My Advice to the Opposition Parties

By Crosbie Walsh

Forgive my presumption but from where I stand the opposition parties are not helping themselves with their constant criticism of government.

They need to be more selective and they need to promote their own policies. Whichever way they look, they see Fiji's cup as half empty and are not taking full advantage of the opportunities they now have — that did not exist a month or so ago.

Putting up straw men and then knocking them down only succeeds when the audience  is ignorant or uninformed. And many people in Fiji are neither.

Fiji is not going to have a flawless election and whatever the election outcome the country will not yet be what Pope (now Saint) John Paul II prematurely described as "the way the world should be".

Fiji's undoubted charms and blessings will continue but so will its underlying problems whichever party forms the new government, and however hard that government works improvements will not be immediately obvious. To think otherwise is to be unrealistic. One can only hope its citizens will not pay too much attention to those who seek to undermine the credibility of the elections and exercise their votes wisely.

Fiji's immediate and longer term future is not helped by the ongoing pessimism of the existing political parties.  It may make good anti-government propaganda to decry each and every preparation for the election; it may even be a good strategy to keep government on its toes,  but it also undermines credibility in the election outcome which, when I think about it, could in itself be a good strategy should the opposition parties not perform well in the polls.  If Fiji First forms the new government, they can then claim voting was unfair. Some would say this is their primary purpose because they expect Bainimarama to win.

For the record, this is a list and update of opposition complaints:

  • There will be no elections. 
  • There is not enough time to prepare for the elections.
  • The Electional Commission is not independent.
  • The Supervisor of Elections is a government crony and was not the most suitable applicant.
  • Foreign-funded NGOs should be able to carry out voter education.
  • Some information on the registered voter card can be misused by the authorities.
  • The political parties should be given a printout of registered voters
  • It is not a level playing field.
  • Opposition leaders knee-capped. Chaudhry and Qarase convictions politically motiviated.
  • Bainimarama is breaking regulations - campaigning before registration, choice of party colour and emblem. 
  • Unfair media coverage, especially by Fiji Sun and Fiji Broadcasting.
  • Media Industry Development Agency not independent and its chairman is unsuitable.
  • A-G is in charge of elections and in Fiji First: a conflict of interest.
  • Voting will take place in an atmosphere of fear. They will not be free, fair and transparent.
  • Voting must be overseen by independent observers. There are too many polling stations for observers to cover them all.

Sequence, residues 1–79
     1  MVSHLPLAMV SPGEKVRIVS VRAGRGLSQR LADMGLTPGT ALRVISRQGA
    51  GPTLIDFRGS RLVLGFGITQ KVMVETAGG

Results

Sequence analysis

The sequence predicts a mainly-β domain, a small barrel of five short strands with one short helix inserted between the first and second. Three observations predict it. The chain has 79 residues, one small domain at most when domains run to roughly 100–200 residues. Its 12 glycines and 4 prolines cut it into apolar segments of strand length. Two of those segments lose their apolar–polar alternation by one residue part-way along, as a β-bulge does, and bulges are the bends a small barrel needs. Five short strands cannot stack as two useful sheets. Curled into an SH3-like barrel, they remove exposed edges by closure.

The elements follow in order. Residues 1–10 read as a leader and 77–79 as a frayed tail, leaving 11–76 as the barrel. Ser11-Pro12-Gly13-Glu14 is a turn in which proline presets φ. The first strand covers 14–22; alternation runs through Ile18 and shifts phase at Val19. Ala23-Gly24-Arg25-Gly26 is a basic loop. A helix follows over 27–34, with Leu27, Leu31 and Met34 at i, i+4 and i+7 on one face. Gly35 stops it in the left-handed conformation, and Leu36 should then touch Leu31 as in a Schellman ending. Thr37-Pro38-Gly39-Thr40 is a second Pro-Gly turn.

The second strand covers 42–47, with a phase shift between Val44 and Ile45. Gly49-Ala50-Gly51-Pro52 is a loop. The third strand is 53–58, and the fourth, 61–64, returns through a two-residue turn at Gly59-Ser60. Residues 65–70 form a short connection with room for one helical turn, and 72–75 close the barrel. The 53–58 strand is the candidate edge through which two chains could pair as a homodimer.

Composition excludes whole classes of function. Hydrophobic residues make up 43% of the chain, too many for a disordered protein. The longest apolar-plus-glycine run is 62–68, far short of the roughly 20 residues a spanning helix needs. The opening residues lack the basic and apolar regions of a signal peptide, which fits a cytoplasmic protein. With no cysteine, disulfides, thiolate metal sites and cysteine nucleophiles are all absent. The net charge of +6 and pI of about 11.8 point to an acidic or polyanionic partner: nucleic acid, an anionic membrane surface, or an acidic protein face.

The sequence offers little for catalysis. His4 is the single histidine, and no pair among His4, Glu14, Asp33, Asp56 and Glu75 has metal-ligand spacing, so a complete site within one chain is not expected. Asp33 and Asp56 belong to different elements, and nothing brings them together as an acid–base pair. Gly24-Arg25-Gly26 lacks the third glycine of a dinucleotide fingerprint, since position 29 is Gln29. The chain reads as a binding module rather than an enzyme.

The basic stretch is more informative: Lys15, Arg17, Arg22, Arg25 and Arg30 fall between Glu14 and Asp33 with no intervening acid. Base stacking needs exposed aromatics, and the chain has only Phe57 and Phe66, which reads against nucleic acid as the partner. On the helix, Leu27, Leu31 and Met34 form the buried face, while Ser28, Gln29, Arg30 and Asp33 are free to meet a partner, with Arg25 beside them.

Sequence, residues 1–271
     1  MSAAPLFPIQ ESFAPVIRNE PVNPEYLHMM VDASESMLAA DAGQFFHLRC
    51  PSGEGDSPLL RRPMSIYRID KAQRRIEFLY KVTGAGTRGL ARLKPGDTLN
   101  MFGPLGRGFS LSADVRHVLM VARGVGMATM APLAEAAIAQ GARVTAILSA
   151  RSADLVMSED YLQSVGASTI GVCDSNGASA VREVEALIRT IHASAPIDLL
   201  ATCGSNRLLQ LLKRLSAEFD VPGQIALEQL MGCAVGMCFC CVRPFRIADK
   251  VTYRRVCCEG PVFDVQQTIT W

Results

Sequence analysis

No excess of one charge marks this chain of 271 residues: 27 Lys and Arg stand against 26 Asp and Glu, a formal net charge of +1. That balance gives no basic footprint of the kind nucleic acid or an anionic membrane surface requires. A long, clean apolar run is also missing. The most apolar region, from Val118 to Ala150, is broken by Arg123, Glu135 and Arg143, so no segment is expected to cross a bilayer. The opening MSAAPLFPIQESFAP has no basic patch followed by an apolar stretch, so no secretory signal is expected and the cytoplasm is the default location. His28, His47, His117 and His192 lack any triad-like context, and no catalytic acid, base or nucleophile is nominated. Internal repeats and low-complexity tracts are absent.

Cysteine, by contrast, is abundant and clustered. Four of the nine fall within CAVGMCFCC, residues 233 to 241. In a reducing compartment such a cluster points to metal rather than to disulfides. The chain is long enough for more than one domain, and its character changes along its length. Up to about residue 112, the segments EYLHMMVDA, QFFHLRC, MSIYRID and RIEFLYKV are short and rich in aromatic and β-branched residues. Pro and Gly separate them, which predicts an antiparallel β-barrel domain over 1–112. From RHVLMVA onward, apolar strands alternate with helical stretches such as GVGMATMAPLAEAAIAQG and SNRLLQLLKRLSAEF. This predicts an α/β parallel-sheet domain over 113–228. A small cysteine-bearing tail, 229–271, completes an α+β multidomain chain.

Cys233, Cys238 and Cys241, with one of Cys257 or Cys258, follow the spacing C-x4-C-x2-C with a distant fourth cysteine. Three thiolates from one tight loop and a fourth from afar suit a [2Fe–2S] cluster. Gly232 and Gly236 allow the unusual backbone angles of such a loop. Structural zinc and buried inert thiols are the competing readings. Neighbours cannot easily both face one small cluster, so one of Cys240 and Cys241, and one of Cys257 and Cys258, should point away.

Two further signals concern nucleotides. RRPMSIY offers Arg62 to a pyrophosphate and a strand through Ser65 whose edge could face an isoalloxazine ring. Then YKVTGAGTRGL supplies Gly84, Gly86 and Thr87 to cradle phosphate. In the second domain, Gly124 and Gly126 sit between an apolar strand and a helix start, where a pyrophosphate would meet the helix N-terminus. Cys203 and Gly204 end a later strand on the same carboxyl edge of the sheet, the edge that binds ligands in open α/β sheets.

• The Election Decree allows phone tapping.
  • Officials at polling stations could influence how people vote.
  • Voters will not be  allowed to bring voting advice and reminder information into the polling station.
  • Voters may be body-searched if officials think they are breaking this requirement.
  • Many voters will not be able to remember the three digit number of the person they wish to vote for.
  • Voters are expected to vote in no more than two minutes.
  • All the decrees and regulations passed by government are invalid because they were not elected.

Some of these criticisms are legitimate and should be publicly raised. But others are hyperbole, untrue or only partly true.  They should also acknowledge some of the good that government has done. The Devil is not on one side and  God on the other.

The opposition has a choice: continue as it is now and attack all that government does, or be more selective, focus on the more critical issues, and promote their own policies.

A good first step would be to disband the United Front for a Democratic Fiji that has served its purpose. The UFDF has become Mick Beddoes' personal mouthpiece and can never broadly represent the opinions of the opposition parties as they are now constituted.

Alternatively, they could temporarily bury their differences and form one party of national unity, at least for this election. More new faces would also help.

As things stand, the voting public is likely to tire of their constant complaining long before the elections. They are handing Bainimarama the elections on a plate.

A "My Advice to Government and Fiji First" article will follow in the next few days.  And don't tell me I'm an outsider and have a nerve. I know that, but as ever I am trying to be helpful in the absence of other reconciliatory voices.


No dialogue with fools said...

It is a waste of time having any dialogue with people like you. you refuse to acknowledge the seriousness of the coup and the illegal nature of this thug regime. How obvious do human rights abuses need to be with people like you? This entity you call a 'government' is an illegal regime. It overthrew a legitimate government using thugs with guns. The judiciary is just an arm of this illegal regime and the rule of law has been raped. The illegal regime has introduced its own sham constitution which gives the regime perpetrators immunity for treason and other serious crimes against the nation of Fiji. We cannot even find out how much the illegal PM and the illegal AG are being paid through the illegal AG's aunt - can it get much worse that that?